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Key willing to gamble with future to get elected

Key willing to gamble with NZ’s future to get elected

The National Opposition risks doing serious damage to the reputation of New Zealand as an investment destination and place to do business with its back-to-the-future proposals to bury the Crown in more foreign debt just to pay for tax cuts, Finance Minister Michael Cullen said today.

“National’s infrastructure announcement is gimmicky and insubstantial,” Dr Cullen said. “The reality is all they have done is re-announced a plan to subsidise Telecom’s rollout of fibre to the home – a widely panned proposal that has nothing to do with economic growth – and promised to spend more on roads without naming any actual new roading projects.

“Today’s announcements are a simple diversion from the real news out of the National Party Conference – John Key would borrow to pay for tax cuts.

“It is a tragedy of New Zealand history that previous National administrations got our country into a mess in the past through massive overseas borrowings. The hurt caused to families and to small businesses, when those damaging policies eventually had to be corrected, was immense in our not-so-distant past.

“In 2008, after nine years in Opposition to devise its vision for New Zealand, it is a black farce that when the National Party finally gets round to outlining its economic programme it amounts to nothing more than four words – More Borrowing From Foreigners.

“With international financial markets under pressure, expressed in rising borrowing costs for anyone with a small business or home mortgage, this is completely the wrong time for any party that has aspirations to lead New Zealand to propose that the Crown join the credit card band-wagon.

“The truth is Labour has overseen one of the most aggressive infrastructure investment programmes in New Zealand history, and we will keep that going in our next term without whipping out the public’s credit card to do so.

“John Key does not genuinely believe his own spin that he is borrowing for infrastructure. His flip flops and bribes have left him with a massive hole in his alternative budget – now he wants to borrow from our kids to cover it.”


Labour-led government’s infrastructure investment programme

The Labour-led government has invested heavily in infrastructure and will continue to do so. Our infrastructure programme has been delivered at the same time that we have reduced Crown Debt from over 35 per cent to around 20 per cent of GDP. The government’s ambitious infrastructure programme over the next few years will be delivered without abandoning the prudent gross debt target of around 20 per cent of GDP.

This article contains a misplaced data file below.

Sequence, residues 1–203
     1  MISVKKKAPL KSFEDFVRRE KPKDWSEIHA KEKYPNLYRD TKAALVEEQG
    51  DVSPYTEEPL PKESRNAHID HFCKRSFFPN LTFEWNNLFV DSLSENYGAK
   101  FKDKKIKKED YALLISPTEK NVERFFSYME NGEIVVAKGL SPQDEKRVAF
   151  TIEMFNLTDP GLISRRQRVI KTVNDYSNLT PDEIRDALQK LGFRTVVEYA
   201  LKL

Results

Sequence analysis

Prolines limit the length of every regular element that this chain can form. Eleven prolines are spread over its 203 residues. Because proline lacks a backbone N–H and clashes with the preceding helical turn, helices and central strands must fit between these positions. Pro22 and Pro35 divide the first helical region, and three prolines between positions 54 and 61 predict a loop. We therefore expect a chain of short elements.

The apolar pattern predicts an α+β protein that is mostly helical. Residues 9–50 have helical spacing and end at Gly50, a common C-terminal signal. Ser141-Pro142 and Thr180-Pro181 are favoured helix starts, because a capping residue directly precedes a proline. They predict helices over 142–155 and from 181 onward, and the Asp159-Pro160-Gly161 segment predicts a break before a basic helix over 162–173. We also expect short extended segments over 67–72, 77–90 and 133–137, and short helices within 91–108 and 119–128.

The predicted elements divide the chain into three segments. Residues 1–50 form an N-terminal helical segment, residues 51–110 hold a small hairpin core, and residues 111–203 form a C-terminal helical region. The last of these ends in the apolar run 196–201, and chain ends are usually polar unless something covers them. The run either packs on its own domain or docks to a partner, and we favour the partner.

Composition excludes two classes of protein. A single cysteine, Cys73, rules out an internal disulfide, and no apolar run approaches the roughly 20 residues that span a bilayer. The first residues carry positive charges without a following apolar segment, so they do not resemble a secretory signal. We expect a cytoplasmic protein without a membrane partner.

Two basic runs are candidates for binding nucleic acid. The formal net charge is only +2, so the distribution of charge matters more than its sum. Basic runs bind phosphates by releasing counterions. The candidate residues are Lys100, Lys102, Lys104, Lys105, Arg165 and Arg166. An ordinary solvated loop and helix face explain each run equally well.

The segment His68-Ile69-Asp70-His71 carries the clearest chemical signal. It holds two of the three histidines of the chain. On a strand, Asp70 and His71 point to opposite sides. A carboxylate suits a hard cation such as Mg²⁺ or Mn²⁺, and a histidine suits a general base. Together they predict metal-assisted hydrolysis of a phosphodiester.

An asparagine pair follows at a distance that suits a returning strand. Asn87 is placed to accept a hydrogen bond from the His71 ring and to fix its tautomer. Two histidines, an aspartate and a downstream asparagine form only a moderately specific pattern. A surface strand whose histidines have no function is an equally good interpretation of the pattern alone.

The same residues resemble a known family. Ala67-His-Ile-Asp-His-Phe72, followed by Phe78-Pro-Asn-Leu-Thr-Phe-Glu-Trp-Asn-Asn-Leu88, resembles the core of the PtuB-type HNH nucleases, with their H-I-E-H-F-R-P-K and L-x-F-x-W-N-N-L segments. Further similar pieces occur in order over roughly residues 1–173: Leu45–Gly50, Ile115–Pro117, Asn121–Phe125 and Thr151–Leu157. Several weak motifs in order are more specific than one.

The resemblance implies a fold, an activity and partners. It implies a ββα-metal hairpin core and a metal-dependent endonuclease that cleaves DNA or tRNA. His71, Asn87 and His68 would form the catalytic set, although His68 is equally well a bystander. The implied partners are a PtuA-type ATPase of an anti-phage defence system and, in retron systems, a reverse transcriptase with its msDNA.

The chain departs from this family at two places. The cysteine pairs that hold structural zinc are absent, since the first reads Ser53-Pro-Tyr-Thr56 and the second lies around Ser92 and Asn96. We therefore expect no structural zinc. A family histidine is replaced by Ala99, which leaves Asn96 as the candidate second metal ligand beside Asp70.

Labour’s investment in transport infrastructure

The Labour-led government is currently funding the largest-ever investment in New Zealand’s road network. Over our nine Budgets, annual funding for roading has more than doubled from $850 million in 1999/2000 to over $1.9 billion this year. Our annual investment in public transport this year is over fifteen times greater than that of 1999/2000.

On 1 July, the government invested $690 billion in buying back New Zealand’s rail asset and has signalled a capital investment in trains and tracks of well over $500 million.

Energy infrastructure

According to figures released by the Electricity Commission, there are now more than 1300 megawatts of new generation projects on the drawing board over the next four years, equating to roughly $3.5 - $4 billion of capital investment. This is about 15% of New Zealand’s entire generation capacity today. This is the largest expansion of energy infrastructure since ‘Think Big’ and is far more than needed to meet increased demand for electricity.

Public service infrastructure

The Labour-led government has invested in a huge revitalisation programme for New Zealand’s front line public service infrastructure. This includes the largest hospital building programme in New Zealand’s history, with new and refurbished hospitals from Kaitaia to Invercargill. More than $1.5 billion has been invested in major capital projects in the public health system since 1999. Major projects approved in the nine years prior to 1999 amounted to less than one-third of the investment we have since made in this area. Seven new hospitals have been built since 2000. Eight hospital campuses have had major refurbishments or been significantly redeveloped since 2000. In addition, ten specialist facilities have been built; three more redevelopment projects are almost complete; and a further four major capital projects for hospital redevelopments have been approved and are underway. Also, new courts have been constructed throughout New Zealand and the government has continued to proactively build new schools in high growth regions and hundreds of millions have been invested in new, modern classrooms.

Crown’s Cash Position The Treasury in May forecast cash deficits of around $3.5 billion a year over the next few years. The Treasury will update its forecasts in its Pre-Election Economic and Fiscal Update report, but tax receipt data from Inland Revenue suggests that the forecast Crown’s cash position will be weaker than that in the next few years due to the weakening global economy feeding through into Crown tax revenue.

Labour’s investment in transport infrastructure The Labour-led government is currently funding the largest-ever investment in New Zealand’s road network and has increased public transport funding by almost 1100 per cent (from the $41 million spent in 1999/00, the last year of National’s government).

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